A high-quality in vitro-produced embryo is more likely to create a pregnancy, but fair and poor-quality embryos have shown satisfactory pregnancy results when transferred. On average, fresh IVF embryos achieve about a 55% pregnancy rate, while pregnancy rates from frozen IVF embryos (Grade 1 or 2) average 45%-50%. These results will vary somewhat, depending on the time of year, type of recipient and recipient management.

Embryos are evaluted

Selection of recipients is one of the most important aspects of an embryo transfer program. It is imperative to have good-quality, well-managed recipients to have a successful program. When selecting recipients, take into consideration the following criteria:

1. Recipient cows 3 to 8 years old make ideal recipients, once they have a good calving record.

2. Cows must be reproductively sound in that they have a fully intact reproductive tract without adhesions of the uterine horns or ovaries.

3. The recipient cow should be fertile and free of a history of calving problems and free of issues conceiving to A.I. or natural breeding.

4. Utilize cows that are at least 60 days post-calving, ideally 75 days post-calving.

5. Remove any cows with temperament problems from the program.

6. Cows should be at a body condition score of at least 5 prior to implantation to achieve adequate success in conception.

Management of recipient cows is equally as important as the selection process. Work with a nutritionist to design a suitable nutrition plan for the recipient cattle. Recipients should be adapted to and kept on the same feeding program during the embryo transfer process, including synchronization, implantation and six to eight weeks post implantation. Administer or feed vitamin and mineral supplements at least four weeks prior to implanting.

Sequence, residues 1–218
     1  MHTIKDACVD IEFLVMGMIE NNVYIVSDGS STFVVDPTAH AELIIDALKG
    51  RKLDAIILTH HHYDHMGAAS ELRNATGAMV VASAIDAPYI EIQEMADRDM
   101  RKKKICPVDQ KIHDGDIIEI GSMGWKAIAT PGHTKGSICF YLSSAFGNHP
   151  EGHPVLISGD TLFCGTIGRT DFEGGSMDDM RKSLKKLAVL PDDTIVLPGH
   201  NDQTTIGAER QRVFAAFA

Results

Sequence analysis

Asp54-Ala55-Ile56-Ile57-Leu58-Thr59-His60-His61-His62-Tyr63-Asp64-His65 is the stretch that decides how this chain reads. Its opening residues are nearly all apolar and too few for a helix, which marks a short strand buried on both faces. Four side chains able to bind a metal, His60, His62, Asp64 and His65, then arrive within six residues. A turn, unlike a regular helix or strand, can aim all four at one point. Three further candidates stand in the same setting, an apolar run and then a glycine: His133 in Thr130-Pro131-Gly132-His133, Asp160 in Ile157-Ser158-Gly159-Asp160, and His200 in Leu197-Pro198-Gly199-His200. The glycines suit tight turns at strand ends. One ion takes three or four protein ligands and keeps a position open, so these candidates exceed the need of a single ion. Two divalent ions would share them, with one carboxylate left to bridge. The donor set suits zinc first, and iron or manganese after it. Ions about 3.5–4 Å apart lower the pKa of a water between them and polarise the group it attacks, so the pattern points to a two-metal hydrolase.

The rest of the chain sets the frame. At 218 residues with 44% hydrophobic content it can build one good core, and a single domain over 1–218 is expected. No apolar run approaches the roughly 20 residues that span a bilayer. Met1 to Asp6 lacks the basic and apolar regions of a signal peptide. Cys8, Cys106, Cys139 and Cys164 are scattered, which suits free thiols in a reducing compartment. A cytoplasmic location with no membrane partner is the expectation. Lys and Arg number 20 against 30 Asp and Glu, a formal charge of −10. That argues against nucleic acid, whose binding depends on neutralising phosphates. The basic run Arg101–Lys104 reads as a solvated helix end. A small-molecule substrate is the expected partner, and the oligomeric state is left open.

Work with a veterinarian to discuss the best vaccination options for your recipient cattle. Consider reproductive/respiratory virals, such as infectious bovine rhinotracheitis (IBR), bovine viral diarrhea (BVD types 1 and 2), bovine respiratory syncytial virus (BRSV) and parainfluenza 3 (PI3); a five-way lepto; a seven-way clostridial; and a parasiticide in the vaccination process. Do not administer modified-live vaccines within 30 days of the target day of estrus.

Ensure that each recipient is clearly identified; tags must be easy to read and, whenever possible, placed in both ears. Finally, the optimal time for movement of recipients is one to two days after implantation. Movement between day 10 and 30 should be avoided, if possible. It is imperative to minimize the amount of environmental stress cows are exposed to.

Several factors contribute to a successful embryo transfer program utilizing in vitro-produced embryos. Embryo quality has a large impact on the success of the program. Usable embryo development rates at 30% every two weeks provides producers with the opportunity to produce, on average, 120 embryos per year, if 18 to 22 oocytes are collected from the donor per aspiration. This increases the likelihood for breeders to obtain more offspring from valuable females in their herd, shortening the generation interval. A solid selection process for embryo recipients and a steadfast management program will further increase the success of the embryo transfer program, ultimately improving the pregnancy rate and boosting the number of calves to hit the ground.  end mark

PHOTO 1: While donor quality and care is important to creating valuable embryos, recipient selection is one of the most important aspects of an ET program.

PHOTO 2: Before transfer into recipients, embryos are evaluated based on a standardized system developed by the International Embryo Transfer Society. Photos courtesy of Trans Ova.

Rhianna Wallace
  • Rhianna Wallace

  • Professional Services Technician
  • Trans Ova Genetics